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Exchange Rates

Floating Exchange Rate
Under a floating exchange rate the value of the currency is determined by the markets and is hence governed by demand and supply. Individuals, firms and central banks buy and sell currency on a daily basis, if demand is high for a currency then the price (in terms of another currency) will rise and the currency is said to be strong. On the other hand if the supply of the currency is high (lots of people selling) then the currency will fall and will be considered weak. A strong currency makes imports cheap (and hence more goods are likely to be imported) whereas a weak currency generally makes exports more competitive and hence increases the volume exported.

We can see a demand-supply graph for the currency to the left, the intersect of the demand and supply curves is the equilibrium exchange rate. The demand curve is downward sloping because if the £ is weak then British goods and services are relatively cheap and so demand is high, conversely if the £ is strong then British goods and services are relatively expensive and so demand is low. The supply curve is upward sloping as if the pound is strong then the supply will be strong as British residents can buy more of a foreign currency for their £ and hence will buy foreign goods, services and assets, supplying £s in order to buy the foreign currency. Conversely if the £ is weak then foreign goods will be more expensive and so fewer £s will be supplied in order to purchase foreign currency.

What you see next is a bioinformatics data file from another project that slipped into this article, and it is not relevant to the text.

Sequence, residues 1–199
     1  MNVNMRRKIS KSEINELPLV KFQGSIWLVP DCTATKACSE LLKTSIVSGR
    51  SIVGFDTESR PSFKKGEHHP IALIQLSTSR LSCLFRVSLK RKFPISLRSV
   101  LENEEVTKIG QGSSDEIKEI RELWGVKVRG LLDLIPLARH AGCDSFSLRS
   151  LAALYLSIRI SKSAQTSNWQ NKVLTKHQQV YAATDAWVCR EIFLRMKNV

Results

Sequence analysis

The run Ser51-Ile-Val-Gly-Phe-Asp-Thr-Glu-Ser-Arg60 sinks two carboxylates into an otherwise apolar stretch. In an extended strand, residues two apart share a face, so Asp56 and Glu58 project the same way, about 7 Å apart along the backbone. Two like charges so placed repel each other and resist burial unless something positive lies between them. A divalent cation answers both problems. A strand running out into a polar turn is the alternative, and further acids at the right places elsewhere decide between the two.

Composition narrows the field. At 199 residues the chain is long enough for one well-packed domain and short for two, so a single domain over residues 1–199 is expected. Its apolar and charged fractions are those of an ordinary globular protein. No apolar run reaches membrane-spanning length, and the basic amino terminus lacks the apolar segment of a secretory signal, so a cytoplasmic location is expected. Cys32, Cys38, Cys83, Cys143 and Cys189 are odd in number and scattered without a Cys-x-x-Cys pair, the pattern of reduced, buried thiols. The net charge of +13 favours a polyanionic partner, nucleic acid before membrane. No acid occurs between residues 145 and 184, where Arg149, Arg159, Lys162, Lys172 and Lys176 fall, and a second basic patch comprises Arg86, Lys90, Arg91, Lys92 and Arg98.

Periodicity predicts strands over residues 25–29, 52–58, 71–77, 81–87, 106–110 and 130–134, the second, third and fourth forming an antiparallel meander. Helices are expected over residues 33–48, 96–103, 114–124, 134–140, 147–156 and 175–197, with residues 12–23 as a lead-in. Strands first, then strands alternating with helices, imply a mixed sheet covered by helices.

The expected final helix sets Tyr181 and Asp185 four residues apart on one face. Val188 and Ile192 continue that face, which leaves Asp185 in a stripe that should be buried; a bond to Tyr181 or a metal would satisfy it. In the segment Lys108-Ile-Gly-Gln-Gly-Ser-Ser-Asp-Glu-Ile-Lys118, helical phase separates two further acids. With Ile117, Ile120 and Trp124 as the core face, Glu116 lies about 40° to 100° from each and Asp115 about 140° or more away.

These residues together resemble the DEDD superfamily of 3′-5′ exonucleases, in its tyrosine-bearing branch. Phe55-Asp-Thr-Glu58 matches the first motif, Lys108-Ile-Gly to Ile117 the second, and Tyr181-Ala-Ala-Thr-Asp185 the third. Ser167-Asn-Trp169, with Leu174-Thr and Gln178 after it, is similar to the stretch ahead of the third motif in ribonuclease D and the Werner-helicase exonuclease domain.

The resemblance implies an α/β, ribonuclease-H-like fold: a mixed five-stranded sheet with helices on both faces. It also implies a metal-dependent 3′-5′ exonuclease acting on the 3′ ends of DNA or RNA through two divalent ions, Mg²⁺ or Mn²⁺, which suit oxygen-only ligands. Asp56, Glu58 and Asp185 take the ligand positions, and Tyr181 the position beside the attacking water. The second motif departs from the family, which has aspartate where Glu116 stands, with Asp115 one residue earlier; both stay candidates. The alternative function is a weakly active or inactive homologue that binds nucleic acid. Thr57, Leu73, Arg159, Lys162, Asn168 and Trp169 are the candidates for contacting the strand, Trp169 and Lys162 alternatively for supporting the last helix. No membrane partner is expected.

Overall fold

If the exchange rate is in equilibrium (which it will of course be if the exchange rate is floating, where the supply of £s meets the demand)then the components of the balance of payments will balance. Demand and supply can shift as a result of perceived competitiveness or speculation.

In the long run the value of the currency is determined by the performance and competitiveness of the economy, however in the short run the exchange rate can fluctuate greatly. This is mainly due to the flow of hot money (which can flow freely as a result of the abolition of capital controls) whereby foreign investors send their money across the Globe in order to earn interest and make money, as this represents such a large proportion of the demand and supply of a currency it considerably affects the rate of exchange.